First looking at top 5 finishes, AP lead the way with a crazy 8 top 5 finishing games which easily lead the way. Richardson and Rice had 6 each, showing their potential to be a top 5 back while also being a consistent back week to week. Foster (5), Lynch (4) and Martin (4) were the next in line. These guys showed that they can also break out for huge games; one of the reasons why they are highly regarded as top 10 backs. Jamaal Charles showed his volatility with 3 top 5 finishes, but also finishing outside the top 24 in 7 games.

Looking at RB1 finishes or top 12 weekly rankings, Foster lead the way with 11, with AP/Spiller/Richardson coming right behind with 10 top 12 finishes each. These are the types of stats you want from your likely RB1 for this coming season. Lynch and Rice had 9 each, with Martin coming in next with half of his games (8) finishing as RB1s. Some notable poor top 12 stats were CJ2K (4), Steven Jackson (3), Reggie Bush (3), and Ryan Mathews (1). Some under the radar guys with solid top 12 stats were Forte (6), Gore (7), Sproles (7) and Bradshaw (6). These are guys that can perform for you that you can spend less on perhaps in drafts.

In terms of top 24 finishes each week (or RB2 in a week), Jamaal Charles, CJ2K, and Ridley were the lowest of the top 24 with only 9 finishes inside the top 24 through the year. The leaders were Foster (15), AP (14), Lynch (14) and Rice (14) showing you can rely on these guys week to week to give you at the worst, RB2 numbers. For the majority of the time,  you were able to start them and have them perform solidly for you.

Looking last to finishes outside the top 24, Jamaal Charles, CJ2K and Ridley had 7 games of outside the top 24, which is a bit of a surprise given their final point totals for last year. LeSean McCoy was the only player in the top 14 who had 0 games outside the top 24 in a week. Gore (6) and Mathews (6) were next in line on this negative list, although you can expect these guys to have a few games that are poor. Some guys from the top 14 who had 4 games outside the top 24 were: Martin, Spiller, Richardson, Morris and Forte. Its good that these guys only had a few games that were poor, as they are the ones you want to rely on heavily week to week. The best guys in this category were McCoy as mentioned earlier, Foster (1), Rice (1), AP (2) and Lynch (2) who you would expect to be finishing inside the top 24 most often.

Scoring Percentages

Alfred Morris had 63% of his points in PPR come from rushing yards, which shouldn’t surprise anybody. Other notables who had more than 60% of their points come from rush yards were AP (60.40%), Ridley (60.90%), BenJarvus Green Ellis (62.05%), Jamaal Charles (62.10%), and Ballard (62.57%). The two lowest percentages for rushing yards again should surprise nobody, as it is consistent with standard scoring, were Danny Woodhead (19.27%) and Darren Sproles (11.40%).

63% of Alfred Morris’ fantasy points in PPR came from hard yards on the ground – photo from fauowlaccess.com

The leader of receiving point percentage was surprising (just kidding) Darren Sproles, with 66.18% of his points coming from receptions and receiving yards. Danny Woodhead (54.16%) and Pierre Thomas (55.65%) were the next highest. This makes sense as they were both specific role RBs with a lot of their work coming in the passing game. McCoy (44.91%), Mathews (45.89%) and Ray Rice (38.50) were other notables, who are more balanced backs in terms of rushing and receiving point break downs.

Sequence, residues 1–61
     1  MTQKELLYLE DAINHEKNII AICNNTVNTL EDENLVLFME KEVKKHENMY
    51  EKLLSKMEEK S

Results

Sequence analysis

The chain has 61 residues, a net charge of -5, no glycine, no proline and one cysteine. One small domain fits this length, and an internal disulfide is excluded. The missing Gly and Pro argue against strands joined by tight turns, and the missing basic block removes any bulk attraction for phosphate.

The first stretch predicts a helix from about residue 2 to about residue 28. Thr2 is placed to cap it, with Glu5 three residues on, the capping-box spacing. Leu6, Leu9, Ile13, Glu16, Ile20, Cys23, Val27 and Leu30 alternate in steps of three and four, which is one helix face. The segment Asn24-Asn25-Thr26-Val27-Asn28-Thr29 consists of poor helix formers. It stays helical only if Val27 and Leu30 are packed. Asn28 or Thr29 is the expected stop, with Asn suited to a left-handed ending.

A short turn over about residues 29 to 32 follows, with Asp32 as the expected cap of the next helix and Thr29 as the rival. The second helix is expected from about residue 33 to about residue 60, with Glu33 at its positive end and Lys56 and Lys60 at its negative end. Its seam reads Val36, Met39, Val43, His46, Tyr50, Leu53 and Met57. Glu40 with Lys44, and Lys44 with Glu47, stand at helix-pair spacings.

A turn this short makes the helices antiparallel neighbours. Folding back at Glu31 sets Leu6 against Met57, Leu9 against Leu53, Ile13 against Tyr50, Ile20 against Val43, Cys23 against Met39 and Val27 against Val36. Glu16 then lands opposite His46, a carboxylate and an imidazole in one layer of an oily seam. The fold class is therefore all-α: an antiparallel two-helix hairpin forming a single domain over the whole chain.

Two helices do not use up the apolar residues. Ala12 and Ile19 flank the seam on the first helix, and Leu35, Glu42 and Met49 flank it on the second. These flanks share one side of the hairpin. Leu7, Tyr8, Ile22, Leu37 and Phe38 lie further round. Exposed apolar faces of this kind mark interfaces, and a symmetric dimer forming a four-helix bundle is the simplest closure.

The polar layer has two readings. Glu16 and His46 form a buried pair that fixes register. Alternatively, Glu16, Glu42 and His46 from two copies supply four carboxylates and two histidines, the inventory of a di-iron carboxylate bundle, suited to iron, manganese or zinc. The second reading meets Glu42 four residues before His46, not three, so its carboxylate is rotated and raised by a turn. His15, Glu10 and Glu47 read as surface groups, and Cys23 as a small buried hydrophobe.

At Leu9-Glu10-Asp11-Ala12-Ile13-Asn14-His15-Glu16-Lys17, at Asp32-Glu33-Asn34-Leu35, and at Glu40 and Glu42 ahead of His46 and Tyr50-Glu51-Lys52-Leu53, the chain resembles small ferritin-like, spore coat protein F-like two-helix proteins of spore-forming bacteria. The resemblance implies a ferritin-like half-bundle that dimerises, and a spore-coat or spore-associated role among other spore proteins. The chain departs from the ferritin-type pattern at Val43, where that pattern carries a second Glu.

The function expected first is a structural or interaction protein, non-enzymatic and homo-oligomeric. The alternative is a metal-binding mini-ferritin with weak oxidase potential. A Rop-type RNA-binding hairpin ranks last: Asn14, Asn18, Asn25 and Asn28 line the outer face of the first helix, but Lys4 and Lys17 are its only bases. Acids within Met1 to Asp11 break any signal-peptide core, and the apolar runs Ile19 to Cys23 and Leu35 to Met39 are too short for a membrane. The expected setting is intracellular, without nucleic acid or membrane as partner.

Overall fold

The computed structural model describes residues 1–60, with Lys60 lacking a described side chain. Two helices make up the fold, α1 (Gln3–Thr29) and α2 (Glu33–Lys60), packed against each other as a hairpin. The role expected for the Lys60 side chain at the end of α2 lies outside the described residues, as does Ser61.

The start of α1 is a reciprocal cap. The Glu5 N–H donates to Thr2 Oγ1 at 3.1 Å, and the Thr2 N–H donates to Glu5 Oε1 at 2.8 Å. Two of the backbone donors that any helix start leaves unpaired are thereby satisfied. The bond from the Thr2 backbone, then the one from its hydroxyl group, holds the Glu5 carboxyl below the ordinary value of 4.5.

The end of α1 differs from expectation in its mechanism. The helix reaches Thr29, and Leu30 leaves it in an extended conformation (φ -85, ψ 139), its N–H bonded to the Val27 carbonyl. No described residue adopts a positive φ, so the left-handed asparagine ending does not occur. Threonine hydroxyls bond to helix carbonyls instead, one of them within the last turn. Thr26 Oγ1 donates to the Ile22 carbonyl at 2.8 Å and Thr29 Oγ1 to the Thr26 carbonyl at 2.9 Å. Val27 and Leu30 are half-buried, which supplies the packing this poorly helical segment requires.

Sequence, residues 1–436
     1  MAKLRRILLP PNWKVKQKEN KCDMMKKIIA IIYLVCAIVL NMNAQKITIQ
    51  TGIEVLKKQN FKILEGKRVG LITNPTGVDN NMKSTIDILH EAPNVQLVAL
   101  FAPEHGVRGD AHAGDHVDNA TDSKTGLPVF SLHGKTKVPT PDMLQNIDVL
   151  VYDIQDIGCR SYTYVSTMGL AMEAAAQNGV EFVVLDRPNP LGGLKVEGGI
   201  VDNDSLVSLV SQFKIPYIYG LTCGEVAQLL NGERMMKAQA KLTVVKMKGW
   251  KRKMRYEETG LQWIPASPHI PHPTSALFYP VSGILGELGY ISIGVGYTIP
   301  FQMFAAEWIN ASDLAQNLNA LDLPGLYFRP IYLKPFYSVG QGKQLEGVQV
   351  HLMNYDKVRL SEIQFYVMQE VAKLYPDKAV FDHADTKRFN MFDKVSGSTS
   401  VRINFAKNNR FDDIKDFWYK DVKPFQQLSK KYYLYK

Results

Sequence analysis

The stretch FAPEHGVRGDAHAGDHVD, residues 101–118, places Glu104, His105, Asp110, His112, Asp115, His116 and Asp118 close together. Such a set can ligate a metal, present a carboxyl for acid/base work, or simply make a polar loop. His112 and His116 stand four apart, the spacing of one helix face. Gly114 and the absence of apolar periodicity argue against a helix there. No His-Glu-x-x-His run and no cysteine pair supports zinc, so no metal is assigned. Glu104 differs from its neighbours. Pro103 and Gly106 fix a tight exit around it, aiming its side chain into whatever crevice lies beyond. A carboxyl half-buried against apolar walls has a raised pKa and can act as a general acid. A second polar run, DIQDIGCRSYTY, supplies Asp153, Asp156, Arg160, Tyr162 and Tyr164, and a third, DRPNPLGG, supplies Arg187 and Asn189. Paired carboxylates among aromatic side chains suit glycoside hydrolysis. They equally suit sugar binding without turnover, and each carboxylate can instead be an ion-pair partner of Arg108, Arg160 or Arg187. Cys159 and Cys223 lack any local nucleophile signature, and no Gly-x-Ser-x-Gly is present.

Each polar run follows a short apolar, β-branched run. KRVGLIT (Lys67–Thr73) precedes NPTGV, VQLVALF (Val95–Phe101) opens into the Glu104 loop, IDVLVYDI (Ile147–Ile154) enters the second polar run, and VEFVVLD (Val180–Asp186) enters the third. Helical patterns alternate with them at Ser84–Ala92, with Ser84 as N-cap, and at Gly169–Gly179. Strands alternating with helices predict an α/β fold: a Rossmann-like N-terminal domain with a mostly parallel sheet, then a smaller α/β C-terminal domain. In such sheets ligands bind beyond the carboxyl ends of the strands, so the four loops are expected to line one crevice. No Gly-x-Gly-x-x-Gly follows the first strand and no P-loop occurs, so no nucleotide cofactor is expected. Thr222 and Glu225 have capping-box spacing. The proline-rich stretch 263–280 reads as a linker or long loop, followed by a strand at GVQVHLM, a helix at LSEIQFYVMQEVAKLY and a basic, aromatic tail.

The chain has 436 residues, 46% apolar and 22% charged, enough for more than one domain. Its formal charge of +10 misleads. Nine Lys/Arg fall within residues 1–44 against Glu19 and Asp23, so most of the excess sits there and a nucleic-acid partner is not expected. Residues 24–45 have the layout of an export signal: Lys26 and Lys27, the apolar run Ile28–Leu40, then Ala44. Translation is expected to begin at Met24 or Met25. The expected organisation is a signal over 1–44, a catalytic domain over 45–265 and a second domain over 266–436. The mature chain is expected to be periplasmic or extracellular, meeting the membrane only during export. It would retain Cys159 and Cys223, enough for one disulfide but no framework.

Going to backs who relied on TDs for their points, there were only 2 running backs (Foster with 32.99% and Ridley with 33.75%) who broke the 30% TD point percentage. Now these backs were solid last year and had solid production in other ways, but TDs are tough to predict so its important to note how much came from TDs. Other notables with large percentages were Lynch (25.64), Morris (29.69), DeAngelo (28.01) and Danny Woodhead (26.57). Some of the players that had lower end percentages but were still in the higher ranks were Spiller (17.90), Charles (13.78), McCoy (13.77) Forte (15.74), and Steven Jackson (12.08).

Pat’s Overall Analysis (PPR Scoring)

Jamaal Charles, Stevan Ridley and Reggie Bush stick out from the pack as guys that are being drafted fairly high but have had almost half of their games last year scoring under 10 points. This is something to be wary of, although each of the three have reasons to get excited about. Who knows, they may be even better and more consistent than last year. Take these stats and make your own decisions, looking at factors that were in play then and factors in play now. These only show part of the story, but a lot of the stats are somewhat surprising. There was only 3 times in which Charles ranked inside the top 5 last year and is basically a consensus top 5 pick this year. Some things have changed, but it’s something that should give you pause. It is important to look at the stats in depth and see how many times guys were worthy of an RB1 spot, an RB2 spot, or not in the top 24 at all. For example, a lot of people were let down by LeSean McCoy last season, but of his 12 games last season, all 12 were inside the top 24 and he never scored less than 10 points in PPR. Looking last at scoring percentages, your best PPR backs are guys that are getting a good chunk of yards from receiving – such as Sproles, Woodhead, McCoy and Rice. It is also important to try and avoid guys who relied on TDs a lot as they are somewhat less predictable than rushing and receiving yards. Foster, Morris, Ridley Ric,hardson and Lynch lead this department. The main idea is to see which players put up solid games and how often, how often they were playable, and their breakdown of points.